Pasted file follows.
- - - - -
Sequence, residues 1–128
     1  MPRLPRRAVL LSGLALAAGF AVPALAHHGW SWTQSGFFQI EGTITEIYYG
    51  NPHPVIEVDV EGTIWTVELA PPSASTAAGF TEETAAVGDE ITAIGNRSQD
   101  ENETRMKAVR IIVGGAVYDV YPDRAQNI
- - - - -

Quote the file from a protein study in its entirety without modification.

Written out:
Sequence, residues 1–128
     1  MPRLPRRAVL LSGLALAAGF AVPALAHHGW SWTQSGFFQI EGTITEIYYG
    51  NPHPVIEVDV EGTIWTVELA PPSASTAAGF TEETAAVGDE ITAIGNRSQD
   101  ENETRMKAVR IIVGGAVYDV YPDRAQNI